What did you leave so deep in the ground
That dirt tattooed under your fingernails?
It wasn't a perfect funeral,
Nor a funeral at all.
You simply threw it under the eucalyptus leaves and hoped it would sleep in peace.
You carved into the tree with your teeth.
You carved: Don't come back.
What made you feel so much has left,
Has become decrepit in old age,
Has longed to be back just as much as you.
Eucalyptus leaves cover that place,
Long and bony.
You want to throw gravel and dance in it.
You want to swim.
You want to walk through fruited flowers and be happy. But you can't. You can't.
Temptation tugs at your years,
Begging to be fed.
You're begging too, tears pulled out of the well you dug,
Each droplet a letter of "I miss you."
You let it be robbed.
You let it be destroyed.
What made you leave it so cleanly?
You let it be desecrated from the inside.
You are leaving it still.
You see your family in need but there isn't a shovel in sight.
Soft and wet, dark coffee colored soil.
You could dig forever.
You should dig forever.
For all the time you buried alive,
A little self-flagellation wouldn't hurt,
The dirt against your back like a cold cold rein.
If somebody died here, speak.
The mourning rains dig plenty deep,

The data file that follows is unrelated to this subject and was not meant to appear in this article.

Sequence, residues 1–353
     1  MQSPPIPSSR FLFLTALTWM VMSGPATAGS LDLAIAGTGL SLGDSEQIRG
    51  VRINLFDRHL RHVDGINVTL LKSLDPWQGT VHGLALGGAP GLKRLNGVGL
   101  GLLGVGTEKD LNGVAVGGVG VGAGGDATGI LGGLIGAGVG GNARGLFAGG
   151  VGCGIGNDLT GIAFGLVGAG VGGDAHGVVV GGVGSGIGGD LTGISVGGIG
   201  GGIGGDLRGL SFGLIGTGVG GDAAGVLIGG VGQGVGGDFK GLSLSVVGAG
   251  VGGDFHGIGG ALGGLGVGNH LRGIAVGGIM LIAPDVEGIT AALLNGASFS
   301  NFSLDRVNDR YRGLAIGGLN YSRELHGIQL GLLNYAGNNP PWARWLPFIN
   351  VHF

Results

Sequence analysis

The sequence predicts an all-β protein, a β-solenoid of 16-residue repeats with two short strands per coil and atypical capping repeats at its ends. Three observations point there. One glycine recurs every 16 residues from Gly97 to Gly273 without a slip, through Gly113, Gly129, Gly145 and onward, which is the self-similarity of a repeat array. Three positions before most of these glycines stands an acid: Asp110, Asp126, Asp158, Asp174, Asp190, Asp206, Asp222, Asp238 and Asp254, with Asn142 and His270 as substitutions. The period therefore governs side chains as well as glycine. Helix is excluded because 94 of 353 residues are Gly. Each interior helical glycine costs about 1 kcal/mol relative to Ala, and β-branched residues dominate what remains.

Dig plenty well.
A single daughter you were,
Curled inside the womb of roots
Sinking slowly as you cried.
Like a babe, you clutched to your chest
One red tile
And a bouquet of eucalyptus leaves.
The best way to grieve is to live with it
Live in it
Die in it if you must.
Bury your soul until it can walk again.
As a second birth, a birth in reverse,
You can and you will be able to breathe.
Be not afraid of the soil that still clings.
Be not afraid of your home.
Releasing the scent of her shampoo into the air.
For a moment, she looks like a dandelion bustling in the wind
Until her mop settles into waves down her neck.
She puts her hands above her head in sleep,
And suddenly she is stuck in Greek myth.
Either she raises her arms to avoid another tragedy,
Or lifts the world on her fingertips.
Sleep, my titan child.
The world will wait for your hands.
She blushes against the crush of bodies,
Rosy to a clumsy touch.
For an eternity of a moment,
She imagines falling toward heaven,
Upside down in her own head.
She melts on a hearth, on a memory, on imaginary fire.
Her fingers, so delicate, slip into the clouds.
Her body, so protected before, lingers in the crush of bodies.
She comments that this place must be heaven.
A cool summer night, cloudy,
Streetlights shining dreamlike over the surface of the earth-
Something is suspended for a while by telephone wires.
Her heartbeat heavy and spasmodic, but not labored,
Feeling like a gulp of ice water.
She repeats the invocation that this place must be heaven.
Hypnotizing static buzzes overhead, stars further up,
Funneling into her glassy eyes.
I can believe that.
In these moments she feels outside herself,
Watching the part of her that longs to be beautiful.
She coaxes the gentle, bright magic out of its cavern piece by piece.
E. Ramsey is a bisexual poet living and working in Burbank, California.They currently study at LA Valley College, with plans of becoming a full-time editor and poet. They are on a quest of self-improvement with mixed results. You can find more of their work in the White Ash Literary Magazine and Varsity Goth Press.